10 Ways To Use Hard Boiled Eggs

10 Ways To Use Hard Boiled Eggs

When our children were young I made at least 5 dozen hard-boiled eggs to decorate for Easter. After the Easter fun, what do you do with all the eggs? It’s a problem many families face after Easter because eggs only keep about a week after they’ve been cooked. Here are more than 10 ways to use hard-boiled eggs.

ten ways to use hard-boiled eggs

Our children liked eating plain, hard-boiled eggs but there’s a limit to how many one can eat. I always gave 2 or 3 decorated eggs to a dear friend because she enjoyed them but they had to be colored eggs.

Sandwiches with Hard Boiled Eggs

ways to use had-boiled eggs in sandwiches

Egg salad – My favorite choice for using hard-boiled eggs is to make egg salad. Dice eggs, add mayonnaise, chopped green onions, salt, pepper, mustard and any other seasonings you like. I like to add onion and garlic powder. Use the filling in sandwiches, with crackers or crispbreads. It’s great on a bed of lettuce or in lettuce wraps if you’re avoiding carbs.

Open-faced sandwiches made with sliced avocado, sliced eggs, and other yummy toppings.

Chicken Salad – There are so many different recipes for chicken salad. Try adding chopped eggs for extra flavor.

Salads with Hard Boiled Eggs

Ways to use hard boiled eggs in salads

Potato Salad – I love adding eggs to potato salad, use your favorite recipe or try Watkins potato salad recipe which is my favorite! 

Cobb Salad – Cobb salad is a complete meal made with lettuce, tomato, avocado, onion, and protein.  It traditionally has hard-boiled eggs, bacon, cheese, and meat.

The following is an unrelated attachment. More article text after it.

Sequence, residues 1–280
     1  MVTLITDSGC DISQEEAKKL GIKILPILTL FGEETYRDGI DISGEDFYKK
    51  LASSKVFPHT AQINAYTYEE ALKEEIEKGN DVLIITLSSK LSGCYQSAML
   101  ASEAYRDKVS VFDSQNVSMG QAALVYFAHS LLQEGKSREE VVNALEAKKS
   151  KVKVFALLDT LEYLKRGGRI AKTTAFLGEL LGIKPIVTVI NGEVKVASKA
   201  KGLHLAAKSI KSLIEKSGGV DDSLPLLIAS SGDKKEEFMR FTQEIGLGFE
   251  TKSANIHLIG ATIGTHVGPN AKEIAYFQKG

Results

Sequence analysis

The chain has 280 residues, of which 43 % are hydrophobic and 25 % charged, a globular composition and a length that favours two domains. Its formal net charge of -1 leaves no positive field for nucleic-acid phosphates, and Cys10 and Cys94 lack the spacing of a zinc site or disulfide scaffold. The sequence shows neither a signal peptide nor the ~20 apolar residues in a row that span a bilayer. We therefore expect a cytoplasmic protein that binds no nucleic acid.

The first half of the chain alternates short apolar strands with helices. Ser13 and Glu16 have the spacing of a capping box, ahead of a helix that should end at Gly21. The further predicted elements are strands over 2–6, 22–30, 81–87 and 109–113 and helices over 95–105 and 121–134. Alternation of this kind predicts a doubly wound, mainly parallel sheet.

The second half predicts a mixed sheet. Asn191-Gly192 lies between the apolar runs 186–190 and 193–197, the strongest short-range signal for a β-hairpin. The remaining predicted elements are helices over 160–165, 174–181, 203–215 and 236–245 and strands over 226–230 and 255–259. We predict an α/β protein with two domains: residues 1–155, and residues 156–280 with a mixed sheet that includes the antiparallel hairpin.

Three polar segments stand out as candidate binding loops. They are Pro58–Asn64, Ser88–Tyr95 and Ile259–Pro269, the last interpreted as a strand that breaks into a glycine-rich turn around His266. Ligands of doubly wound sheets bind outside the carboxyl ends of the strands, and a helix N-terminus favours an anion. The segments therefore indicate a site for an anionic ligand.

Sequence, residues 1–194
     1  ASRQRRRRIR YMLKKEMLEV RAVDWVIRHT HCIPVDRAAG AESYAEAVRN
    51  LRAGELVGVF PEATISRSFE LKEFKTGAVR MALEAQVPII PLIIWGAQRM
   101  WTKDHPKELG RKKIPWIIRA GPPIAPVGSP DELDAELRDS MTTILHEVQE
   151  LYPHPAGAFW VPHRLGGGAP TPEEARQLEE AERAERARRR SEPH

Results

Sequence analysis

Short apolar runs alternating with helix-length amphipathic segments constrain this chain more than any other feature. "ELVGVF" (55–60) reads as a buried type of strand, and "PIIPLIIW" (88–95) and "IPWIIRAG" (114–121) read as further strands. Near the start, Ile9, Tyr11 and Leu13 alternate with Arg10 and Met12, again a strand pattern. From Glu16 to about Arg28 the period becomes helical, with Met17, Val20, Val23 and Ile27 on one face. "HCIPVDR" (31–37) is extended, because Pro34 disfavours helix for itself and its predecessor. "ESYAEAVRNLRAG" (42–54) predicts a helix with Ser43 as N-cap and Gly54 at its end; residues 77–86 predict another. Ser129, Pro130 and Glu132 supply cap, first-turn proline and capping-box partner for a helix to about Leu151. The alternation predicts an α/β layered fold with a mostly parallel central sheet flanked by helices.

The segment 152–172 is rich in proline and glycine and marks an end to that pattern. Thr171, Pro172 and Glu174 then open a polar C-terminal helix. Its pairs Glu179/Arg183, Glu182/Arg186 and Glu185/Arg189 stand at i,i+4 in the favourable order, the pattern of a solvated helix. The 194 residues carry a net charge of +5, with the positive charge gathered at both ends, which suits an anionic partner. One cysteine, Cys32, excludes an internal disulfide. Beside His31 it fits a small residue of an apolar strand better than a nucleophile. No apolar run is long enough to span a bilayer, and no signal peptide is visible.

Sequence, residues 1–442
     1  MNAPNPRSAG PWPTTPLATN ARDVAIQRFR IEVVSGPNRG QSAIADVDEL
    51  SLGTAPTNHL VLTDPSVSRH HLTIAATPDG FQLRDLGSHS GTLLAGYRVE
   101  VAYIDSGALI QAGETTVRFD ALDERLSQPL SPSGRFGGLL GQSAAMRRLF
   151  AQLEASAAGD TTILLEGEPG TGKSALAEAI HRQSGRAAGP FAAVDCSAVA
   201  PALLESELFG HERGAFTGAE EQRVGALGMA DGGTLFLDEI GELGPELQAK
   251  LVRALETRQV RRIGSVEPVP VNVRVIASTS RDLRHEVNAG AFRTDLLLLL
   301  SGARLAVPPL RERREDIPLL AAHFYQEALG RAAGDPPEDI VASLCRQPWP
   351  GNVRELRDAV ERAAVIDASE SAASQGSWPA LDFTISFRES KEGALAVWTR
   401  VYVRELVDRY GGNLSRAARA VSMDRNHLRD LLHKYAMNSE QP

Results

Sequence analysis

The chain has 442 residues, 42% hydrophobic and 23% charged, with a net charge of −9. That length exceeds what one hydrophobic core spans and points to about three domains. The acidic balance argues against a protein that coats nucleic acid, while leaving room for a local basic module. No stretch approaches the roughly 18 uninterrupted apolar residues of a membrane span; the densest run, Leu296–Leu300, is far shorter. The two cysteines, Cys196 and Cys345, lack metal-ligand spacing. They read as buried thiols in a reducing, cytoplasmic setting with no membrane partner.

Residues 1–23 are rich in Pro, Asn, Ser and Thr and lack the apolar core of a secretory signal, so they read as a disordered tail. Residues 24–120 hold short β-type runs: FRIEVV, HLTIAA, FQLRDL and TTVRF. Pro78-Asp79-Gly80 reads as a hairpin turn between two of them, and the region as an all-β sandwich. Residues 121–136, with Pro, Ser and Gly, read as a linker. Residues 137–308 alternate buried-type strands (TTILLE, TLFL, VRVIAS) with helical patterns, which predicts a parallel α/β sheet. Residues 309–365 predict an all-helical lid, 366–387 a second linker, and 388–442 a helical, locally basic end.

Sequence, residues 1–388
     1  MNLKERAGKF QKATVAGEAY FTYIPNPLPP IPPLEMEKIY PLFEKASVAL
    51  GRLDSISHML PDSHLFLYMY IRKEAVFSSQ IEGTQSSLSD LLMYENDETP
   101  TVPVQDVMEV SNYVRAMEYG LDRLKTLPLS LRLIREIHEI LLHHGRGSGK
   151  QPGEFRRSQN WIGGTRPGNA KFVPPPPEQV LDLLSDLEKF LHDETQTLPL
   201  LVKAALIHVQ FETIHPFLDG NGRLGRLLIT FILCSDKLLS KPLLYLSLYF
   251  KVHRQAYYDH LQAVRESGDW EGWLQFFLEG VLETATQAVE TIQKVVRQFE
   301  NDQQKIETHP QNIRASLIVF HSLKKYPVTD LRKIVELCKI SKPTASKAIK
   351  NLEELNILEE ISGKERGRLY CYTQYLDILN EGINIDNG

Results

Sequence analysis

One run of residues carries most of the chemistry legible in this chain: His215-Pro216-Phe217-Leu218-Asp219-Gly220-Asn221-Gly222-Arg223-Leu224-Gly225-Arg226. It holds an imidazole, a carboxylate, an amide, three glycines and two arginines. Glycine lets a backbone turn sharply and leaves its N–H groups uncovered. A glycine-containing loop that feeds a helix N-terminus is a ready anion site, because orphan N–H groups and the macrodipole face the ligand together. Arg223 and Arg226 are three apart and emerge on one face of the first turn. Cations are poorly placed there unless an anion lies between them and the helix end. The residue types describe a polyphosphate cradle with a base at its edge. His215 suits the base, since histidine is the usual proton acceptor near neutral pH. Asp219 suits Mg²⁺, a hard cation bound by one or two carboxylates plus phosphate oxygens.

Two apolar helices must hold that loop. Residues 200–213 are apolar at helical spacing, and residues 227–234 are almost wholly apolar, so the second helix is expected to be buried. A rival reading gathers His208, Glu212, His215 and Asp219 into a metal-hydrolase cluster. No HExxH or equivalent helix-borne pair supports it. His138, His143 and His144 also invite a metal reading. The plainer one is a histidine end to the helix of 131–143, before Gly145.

Hard-boiled eggs can also be added to pasta salad, spinach or green salad.

Homemade Thousand Island dressing – Finely diced, hard-boiled eggs can be added to your favorite Thousand Island dressing. The dressing can then be used to top a tossed salad or as a dressing for sandwiches.

More Ways to Use Hard Boiled Eggs

Pickled eggs – This is one other way to use whole boiled eggs. Some friends were talking about these recently and I don’t think I’ve ever eaten a pickled egg. The easiest way to make these is to add eggs to pickle juice and store them in the fridge. Try dill pickle or beet pickle juice which makes pretty pink eggs.

If you want to make pickled eggs from scratch here’s how. Make a solution of 1 cup white vinegar, 1/2 cup water, 2 tablespoons coarse salt, 2 tablespoons pickling spice, and 1 sliced onion. Bring the solution to a boil, allowing it to simmer for five minutes, and then pour it over a dozen peeled eggs. Store in the fridge. Allow the eggs to remain in the pickle solution for two or three days before serving. These can be stored in the refrigerator for up to four weeks if your family doesn’t eat them all before then.

Scotch eggs – Wrap your hard-boiled eggs in sausage (turkey sausage is an option if you’re trying to cut calories), roll them in seasoned breading and then deep fry them. They can be served at room temperature or warm. These are often served for breakfast or brunch.

Soup garnish – Boiled eggs make a great garnish for hearty soups. Imagine having gazpacho or black bean soup and then adding the chopped eggs. This will provide protein for vegetable soup as well as contrasting texture.

Deviled eggs – Last but not least,  use hard-boiled eggs to make deviled eggs. Half the work is already done for you; you simply have to peel the eggs, slice them in half and add the remaining ingredients. Depending upon how well your family enjoys deviled eggs, this could use up quite a few of your child’s Easter eggs.

There are many uses for hard-boiled eggs. Hopefully, you can use one of the ideas above!

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